Boron nitride destroys PFAS 'forever' chemicals PFOA, GenX

Pollutant-destroying properties surprise Rice engineer: 'It's not supposed to work'

illustration of boron nitride breaking down PFOA

HOUSTON -- (July 7, 2020) -- Rice University chemical engineers found an efficient catalyst for destroying PFAS "forever" chemicals where they least expected.

Michael Wong
Michael Wong

"It was the control," said Rice Professor Michael Wong, referring to the part of a scientific experiment where researchers don't expect surprises. The control group is the yardstick of experimental science, the baseline by which variables are measured.

"We haven't yet tested this at a full scale, but in our benchtop tests in the lab, we could get rid of 99% of PFOA in four hours," Wong said of boron nitride, the light-activated catalyst he and his students stumbled upon and spent more than a year testing.

Their study, which is available online in the American Chemical Society journal Environmental Science and Technology Letters, found boron nitride destroyed PFOA (perfluorooctanoic acid) at a faster clip than any previously reported photocatalyst. PFOA is one of the most prevalent PFAS (perfluoroalkyl and polyfluoroalkyl substances), a family of more than 4,000 compounds developed in the 20th century to make coatings for waterproof clothing, food packaging, nonstick pans and countless other uses. PFAS have been dubbed forever chemicals for their tendency to linger in the environment, and scientists have found them in the blood of virtually all Americans, including newborns.

Catalysts are Wong's specialty. They are compounds that bring about chemical reactions without taking part or being consumed in those reactions. His lab has created catalysts for destroying a number of pollutants, including TCE and nitrates, and he said he tasked his team with finding new catalysts to address PFAS about 18 months ago.

illustration of boron nitride destroying PFOA
An illustration of the boron nitride photocatalysis that destroys the pollutant PFOA in water. (Image courtesy of M. Wong/Rice University)

"We tried a lot of things," Wong said. "We tried several materials that I thought were going to work. None of them did. This wasn't supposed to work, and it did."

The catalyst, boron nitride powder, or BN, is a commercially available synthetic mineral that's widely used in makeup, skin care products, thermal pastes that cool computer chips and other consumer and industrial products.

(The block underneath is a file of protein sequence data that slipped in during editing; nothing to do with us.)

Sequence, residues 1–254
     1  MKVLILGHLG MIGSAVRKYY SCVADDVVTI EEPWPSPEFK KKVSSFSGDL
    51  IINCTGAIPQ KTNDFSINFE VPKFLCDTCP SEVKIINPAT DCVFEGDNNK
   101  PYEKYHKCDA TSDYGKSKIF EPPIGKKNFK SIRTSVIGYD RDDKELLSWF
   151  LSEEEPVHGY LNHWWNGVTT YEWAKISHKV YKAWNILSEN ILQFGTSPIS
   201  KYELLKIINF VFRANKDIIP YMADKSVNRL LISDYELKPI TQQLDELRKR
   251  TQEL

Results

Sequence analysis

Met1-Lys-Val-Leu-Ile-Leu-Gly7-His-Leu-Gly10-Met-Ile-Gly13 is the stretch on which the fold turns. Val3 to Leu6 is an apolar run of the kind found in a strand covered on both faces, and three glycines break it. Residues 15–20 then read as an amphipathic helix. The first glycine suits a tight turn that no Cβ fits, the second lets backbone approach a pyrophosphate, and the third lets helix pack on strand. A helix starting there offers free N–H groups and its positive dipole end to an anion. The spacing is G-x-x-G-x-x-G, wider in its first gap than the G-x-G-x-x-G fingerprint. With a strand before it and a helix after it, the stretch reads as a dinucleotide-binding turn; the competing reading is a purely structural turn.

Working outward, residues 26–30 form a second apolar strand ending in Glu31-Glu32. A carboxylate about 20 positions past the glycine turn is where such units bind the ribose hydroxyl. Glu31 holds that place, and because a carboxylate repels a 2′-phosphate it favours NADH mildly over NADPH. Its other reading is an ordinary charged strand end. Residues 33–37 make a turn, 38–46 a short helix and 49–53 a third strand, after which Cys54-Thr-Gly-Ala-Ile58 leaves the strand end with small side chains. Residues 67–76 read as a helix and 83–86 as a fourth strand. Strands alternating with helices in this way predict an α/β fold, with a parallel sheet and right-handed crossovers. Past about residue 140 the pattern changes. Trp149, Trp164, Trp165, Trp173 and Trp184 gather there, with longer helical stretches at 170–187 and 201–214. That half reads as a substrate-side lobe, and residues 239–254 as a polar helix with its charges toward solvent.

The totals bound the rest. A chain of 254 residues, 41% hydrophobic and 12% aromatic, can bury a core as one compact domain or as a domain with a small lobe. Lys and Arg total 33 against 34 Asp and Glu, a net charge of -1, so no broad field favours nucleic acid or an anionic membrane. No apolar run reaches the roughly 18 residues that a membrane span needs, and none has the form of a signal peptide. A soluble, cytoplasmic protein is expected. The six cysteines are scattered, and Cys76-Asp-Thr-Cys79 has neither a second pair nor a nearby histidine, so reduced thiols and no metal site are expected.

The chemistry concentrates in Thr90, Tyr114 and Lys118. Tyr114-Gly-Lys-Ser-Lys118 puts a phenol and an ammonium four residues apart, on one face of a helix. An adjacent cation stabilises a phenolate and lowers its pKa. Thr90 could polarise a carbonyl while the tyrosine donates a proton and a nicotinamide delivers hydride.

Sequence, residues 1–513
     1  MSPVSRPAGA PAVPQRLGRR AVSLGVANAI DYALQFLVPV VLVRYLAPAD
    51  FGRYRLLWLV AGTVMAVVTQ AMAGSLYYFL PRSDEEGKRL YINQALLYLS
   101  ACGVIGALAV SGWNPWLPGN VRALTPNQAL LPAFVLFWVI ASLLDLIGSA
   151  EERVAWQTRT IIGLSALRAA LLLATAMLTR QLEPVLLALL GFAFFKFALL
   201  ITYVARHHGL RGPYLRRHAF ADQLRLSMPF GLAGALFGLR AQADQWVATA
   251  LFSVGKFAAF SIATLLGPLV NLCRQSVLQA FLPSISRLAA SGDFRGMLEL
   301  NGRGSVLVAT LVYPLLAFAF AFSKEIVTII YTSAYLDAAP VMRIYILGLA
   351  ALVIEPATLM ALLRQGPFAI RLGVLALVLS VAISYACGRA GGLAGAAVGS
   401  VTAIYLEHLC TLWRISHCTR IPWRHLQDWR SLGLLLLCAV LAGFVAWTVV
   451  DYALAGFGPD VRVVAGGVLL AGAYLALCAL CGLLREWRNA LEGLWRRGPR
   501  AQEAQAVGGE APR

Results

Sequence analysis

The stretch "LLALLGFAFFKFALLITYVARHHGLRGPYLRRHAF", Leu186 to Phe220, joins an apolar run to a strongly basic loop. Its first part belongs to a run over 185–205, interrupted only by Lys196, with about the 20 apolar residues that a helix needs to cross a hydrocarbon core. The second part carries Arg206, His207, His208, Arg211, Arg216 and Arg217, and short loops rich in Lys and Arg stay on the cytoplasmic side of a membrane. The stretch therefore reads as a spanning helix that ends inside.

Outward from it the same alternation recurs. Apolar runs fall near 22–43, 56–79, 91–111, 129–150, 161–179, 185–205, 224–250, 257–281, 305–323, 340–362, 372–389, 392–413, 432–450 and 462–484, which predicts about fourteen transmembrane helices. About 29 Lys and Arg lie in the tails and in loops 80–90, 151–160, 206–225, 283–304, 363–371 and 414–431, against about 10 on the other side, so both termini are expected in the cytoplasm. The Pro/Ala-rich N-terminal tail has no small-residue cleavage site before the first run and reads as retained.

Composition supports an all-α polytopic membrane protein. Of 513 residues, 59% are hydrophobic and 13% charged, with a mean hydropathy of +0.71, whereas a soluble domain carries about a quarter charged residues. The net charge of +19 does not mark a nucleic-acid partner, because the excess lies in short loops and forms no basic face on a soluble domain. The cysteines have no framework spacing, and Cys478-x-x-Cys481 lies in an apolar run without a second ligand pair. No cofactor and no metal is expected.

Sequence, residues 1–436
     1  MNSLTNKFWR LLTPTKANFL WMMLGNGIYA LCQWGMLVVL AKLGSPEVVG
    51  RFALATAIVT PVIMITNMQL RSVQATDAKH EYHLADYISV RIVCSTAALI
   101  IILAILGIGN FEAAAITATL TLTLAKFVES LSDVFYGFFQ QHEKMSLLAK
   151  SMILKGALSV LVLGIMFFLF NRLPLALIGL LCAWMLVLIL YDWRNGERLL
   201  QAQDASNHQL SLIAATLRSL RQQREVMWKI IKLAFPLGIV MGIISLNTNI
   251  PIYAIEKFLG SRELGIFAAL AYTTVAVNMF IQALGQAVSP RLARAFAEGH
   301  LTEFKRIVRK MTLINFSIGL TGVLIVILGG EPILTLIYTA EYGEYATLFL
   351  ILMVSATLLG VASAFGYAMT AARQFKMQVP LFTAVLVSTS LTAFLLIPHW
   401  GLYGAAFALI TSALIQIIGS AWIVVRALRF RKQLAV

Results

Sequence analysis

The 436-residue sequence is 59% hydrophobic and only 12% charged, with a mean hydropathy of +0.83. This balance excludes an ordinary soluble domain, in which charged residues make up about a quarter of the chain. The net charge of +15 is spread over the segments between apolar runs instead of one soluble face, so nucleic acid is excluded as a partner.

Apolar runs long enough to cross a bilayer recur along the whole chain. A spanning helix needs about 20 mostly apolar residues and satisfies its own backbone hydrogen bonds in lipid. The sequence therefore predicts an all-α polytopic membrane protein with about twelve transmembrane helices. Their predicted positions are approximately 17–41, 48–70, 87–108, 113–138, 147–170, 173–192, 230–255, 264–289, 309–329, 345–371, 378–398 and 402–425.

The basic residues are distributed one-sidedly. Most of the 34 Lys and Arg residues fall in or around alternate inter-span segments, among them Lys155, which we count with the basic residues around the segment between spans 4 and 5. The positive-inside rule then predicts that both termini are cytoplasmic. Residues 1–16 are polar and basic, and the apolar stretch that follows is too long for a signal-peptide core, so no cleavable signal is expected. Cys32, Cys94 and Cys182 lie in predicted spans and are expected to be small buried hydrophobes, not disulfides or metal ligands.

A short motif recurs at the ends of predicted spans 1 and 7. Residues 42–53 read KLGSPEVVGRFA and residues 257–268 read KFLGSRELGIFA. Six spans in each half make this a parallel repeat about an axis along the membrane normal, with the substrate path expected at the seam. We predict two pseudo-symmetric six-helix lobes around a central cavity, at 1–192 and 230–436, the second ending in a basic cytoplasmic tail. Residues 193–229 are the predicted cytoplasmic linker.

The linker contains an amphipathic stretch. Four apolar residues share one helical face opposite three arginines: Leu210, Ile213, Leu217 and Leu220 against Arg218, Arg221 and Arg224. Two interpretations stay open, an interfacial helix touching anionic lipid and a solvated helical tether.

The discovery began with dozens of failed experiments on more likely PFAS catalysts. Wong said he asked two members of his lab, visiting graduate student Lijie Duan of China's Tsinghua University and Rice graduate student Bo Wang, to do final experiments on one set of candidate compounds before moving on to others.

"There was literature that suggested one of them might be a photocatalyst, meaning it would be activated by light of a particular wavelength," Wong said. "We don't use light very often in our group, but I said, 'Let's go ahead and doodle around with it.' The sun is free energy. Let's see what we can do with light."

As before, none of the experimental groups performed well, but Duan noticed something unusual with the boron nitride control. She and Wang repeated the experiments numerous times to rule out unexpected errors, problems with sample preparation and other explanations for the strange result. They kept seeing the same thing.

"Here's the observation," Wong said. "You take a flask of water that contains some PFOA, you throw in your BN powder, and you seal it up. That's it. You don't need to add any hydrogen or purge it with oxygen. It's just the air we breathe, the contaminated water and the BN powder. You expose that to ultraviolet light, specifically to UV-C light with a wavelength of 254 nanometers, come back in four hours, and 99% of the PFOA has been transformed into fluoride, carbon dioxide and hydrogen."

Lijie Duan
Lijie Duan

The problem was the light. The 254-nanometer wavelength, which is commonly used in germicidal lamps, is too small to activate the bandgap in boron nitride. While that was unquestionably true, the experiments suggested it could not be.